Thanks to those of you who let me know about the brief mention of GalleyCat in Lissa Warren‘s HuffPo essay about how book blogs fail to replicate newspaper book review sections. I’m always somewhat tickled to be accorded the same level of esteem as The Elegant Variation or, as in this case, the NYT‘s Paper Cuts, particularly since, as Warren herself indirectly acknowledges, GalleyCat isn’t a literary blog, but a site about what’s happening in the industry and where it’s headed. (I’ve shared my opinion about books I’ve read from time to time, but I’m willing to bet that’s not why you read the column.)
In response to Warren’s assertion that “for the most part, these blogs don’t actually review books,” though, Literary Saloon blogger Michael Orthofer suggests she’s just not looking hard enough. “Warren has good fun suggesting how litbloggers should present their material,” he says, “but her recommendations read like those of someone criticising what they think can be found on literary weblogs, rather than someone who has actually taken a look at a fair number.”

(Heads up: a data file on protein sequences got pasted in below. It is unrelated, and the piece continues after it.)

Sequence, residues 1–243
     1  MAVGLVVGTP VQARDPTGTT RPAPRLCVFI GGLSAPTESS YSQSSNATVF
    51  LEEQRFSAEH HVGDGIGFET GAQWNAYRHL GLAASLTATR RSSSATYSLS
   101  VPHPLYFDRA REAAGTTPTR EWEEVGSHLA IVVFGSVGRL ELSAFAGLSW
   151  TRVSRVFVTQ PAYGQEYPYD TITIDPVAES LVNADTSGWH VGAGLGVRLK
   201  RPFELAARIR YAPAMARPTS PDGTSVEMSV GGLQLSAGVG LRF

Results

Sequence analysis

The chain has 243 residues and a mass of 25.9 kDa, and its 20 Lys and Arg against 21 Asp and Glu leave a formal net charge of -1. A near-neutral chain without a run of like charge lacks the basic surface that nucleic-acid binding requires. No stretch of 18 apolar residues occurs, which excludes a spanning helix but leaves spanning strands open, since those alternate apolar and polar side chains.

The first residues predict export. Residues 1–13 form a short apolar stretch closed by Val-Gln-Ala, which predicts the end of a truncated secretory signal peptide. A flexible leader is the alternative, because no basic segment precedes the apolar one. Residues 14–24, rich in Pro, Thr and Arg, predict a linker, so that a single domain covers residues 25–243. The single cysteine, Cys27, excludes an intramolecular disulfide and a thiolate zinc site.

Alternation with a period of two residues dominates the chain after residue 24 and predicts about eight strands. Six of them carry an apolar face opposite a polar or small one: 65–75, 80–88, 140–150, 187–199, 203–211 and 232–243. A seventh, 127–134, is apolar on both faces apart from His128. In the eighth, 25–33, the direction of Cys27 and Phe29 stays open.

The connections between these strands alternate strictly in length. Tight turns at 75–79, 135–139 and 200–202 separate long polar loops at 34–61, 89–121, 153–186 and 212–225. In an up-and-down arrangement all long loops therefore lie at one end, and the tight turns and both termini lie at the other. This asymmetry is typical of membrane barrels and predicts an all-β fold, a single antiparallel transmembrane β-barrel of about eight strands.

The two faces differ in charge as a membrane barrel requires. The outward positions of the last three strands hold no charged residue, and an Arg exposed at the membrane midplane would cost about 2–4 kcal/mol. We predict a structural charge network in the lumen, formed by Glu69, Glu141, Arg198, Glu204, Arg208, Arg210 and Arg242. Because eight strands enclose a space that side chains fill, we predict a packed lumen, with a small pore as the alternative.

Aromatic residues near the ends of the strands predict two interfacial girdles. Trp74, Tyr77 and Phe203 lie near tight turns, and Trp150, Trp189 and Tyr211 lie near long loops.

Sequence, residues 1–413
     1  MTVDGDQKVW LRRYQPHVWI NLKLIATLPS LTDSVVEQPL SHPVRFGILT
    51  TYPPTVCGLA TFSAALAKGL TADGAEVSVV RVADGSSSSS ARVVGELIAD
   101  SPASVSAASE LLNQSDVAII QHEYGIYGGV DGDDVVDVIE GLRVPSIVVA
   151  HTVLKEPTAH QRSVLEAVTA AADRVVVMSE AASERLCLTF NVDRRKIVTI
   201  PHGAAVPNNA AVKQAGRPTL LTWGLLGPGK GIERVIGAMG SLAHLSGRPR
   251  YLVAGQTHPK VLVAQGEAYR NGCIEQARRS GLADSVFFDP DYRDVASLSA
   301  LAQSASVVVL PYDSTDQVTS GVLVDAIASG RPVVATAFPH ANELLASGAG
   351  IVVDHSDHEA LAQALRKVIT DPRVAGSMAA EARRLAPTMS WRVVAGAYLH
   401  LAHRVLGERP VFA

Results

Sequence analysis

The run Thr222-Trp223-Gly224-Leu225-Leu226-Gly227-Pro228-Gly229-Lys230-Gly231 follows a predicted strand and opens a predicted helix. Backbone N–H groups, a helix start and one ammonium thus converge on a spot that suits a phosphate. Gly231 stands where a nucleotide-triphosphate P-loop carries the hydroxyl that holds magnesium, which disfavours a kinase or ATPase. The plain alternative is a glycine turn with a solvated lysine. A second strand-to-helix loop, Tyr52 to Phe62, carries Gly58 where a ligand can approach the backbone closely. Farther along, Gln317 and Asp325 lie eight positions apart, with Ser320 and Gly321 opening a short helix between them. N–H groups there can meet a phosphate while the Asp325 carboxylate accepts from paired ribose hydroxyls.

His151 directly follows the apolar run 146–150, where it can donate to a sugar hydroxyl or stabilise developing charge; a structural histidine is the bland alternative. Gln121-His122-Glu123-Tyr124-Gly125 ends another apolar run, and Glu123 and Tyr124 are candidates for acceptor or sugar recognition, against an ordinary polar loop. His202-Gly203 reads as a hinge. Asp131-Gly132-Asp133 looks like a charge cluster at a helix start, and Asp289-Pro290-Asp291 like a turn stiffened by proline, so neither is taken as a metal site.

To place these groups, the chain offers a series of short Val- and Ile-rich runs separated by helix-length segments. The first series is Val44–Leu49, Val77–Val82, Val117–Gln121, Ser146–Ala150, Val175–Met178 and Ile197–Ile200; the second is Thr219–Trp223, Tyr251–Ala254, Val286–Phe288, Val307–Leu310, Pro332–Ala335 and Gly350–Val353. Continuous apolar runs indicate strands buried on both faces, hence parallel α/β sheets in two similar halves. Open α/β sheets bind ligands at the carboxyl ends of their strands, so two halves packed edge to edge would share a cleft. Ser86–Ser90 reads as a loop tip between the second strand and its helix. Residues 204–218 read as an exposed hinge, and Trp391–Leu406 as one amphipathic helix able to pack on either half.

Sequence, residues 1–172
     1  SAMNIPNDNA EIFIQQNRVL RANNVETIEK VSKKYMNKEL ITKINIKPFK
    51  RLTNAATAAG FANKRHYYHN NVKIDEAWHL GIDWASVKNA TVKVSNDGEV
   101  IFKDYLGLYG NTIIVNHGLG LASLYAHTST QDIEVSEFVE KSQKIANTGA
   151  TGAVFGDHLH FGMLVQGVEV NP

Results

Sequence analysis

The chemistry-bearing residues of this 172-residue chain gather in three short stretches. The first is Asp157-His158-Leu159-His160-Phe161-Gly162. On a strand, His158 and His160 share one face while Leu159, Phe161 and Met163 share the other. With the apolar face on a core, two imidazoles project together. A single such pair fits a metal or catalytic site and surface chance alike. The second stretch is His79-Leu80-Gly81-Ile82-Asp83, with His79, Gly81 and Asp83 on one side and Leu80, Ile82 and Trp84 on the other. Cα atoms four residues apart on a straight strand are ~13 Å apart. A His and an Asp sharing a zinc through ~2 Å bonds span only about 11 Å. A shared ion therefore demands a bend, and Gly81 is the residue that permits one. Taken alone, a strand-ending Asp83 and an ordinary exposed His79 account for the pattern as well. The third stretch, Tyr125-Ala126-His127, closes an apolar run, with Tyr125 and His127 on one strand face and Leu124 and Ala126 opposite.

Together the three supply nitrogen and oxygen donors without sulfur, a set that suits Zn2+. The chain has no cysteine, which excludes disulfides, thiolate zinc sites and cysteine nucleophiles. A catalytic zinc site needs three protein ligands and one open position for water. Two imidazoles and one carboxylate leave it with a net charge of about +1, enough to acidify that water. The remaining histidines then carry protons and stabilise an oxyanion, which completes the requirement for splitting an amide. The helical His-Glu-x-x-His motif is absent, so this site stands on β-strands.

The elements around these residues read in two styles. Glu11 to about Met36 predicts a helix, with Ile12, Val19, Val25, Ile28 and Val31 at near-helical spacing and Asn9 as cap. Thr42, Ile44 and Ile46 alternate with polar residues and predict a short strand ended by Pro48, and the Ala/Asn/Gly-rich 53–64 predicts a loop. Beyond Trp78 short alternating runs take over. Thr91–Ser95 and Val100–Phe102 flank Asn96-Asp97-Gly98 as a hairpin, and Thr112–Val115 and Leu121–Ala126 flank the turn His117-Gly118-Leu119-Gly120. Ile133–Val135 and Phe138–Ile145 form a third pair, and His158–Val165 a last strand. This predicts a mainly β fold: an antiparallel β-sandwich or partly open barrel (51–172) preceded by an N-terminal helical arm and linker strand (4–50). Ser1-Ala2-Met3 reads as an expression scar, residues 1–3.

He also points out that the literary blogosphere offers different ways to talk about books than the format of Warren’s “traditional book review outlets,” which, she concedes,”are drying up and no one has yet determined how to save them.” What Orthofer doesn’t say, but has been suggested repeatedly on this blog over the last year, is that one reason those outlets have become easy for management at some papers to cast aside is that many reviewers really aren’t good at what they do, their attempts at innovation are often lackluster, and sometimes it’s even painfully obvious they don’t read the books closely enough. Frankly, the literary blogosphere should probably be applauded for “failing” to imitate the mainstream media’s reviewers, and for experimenting with new models of coverage that are establishing their own levels of relevance to the book-loving public.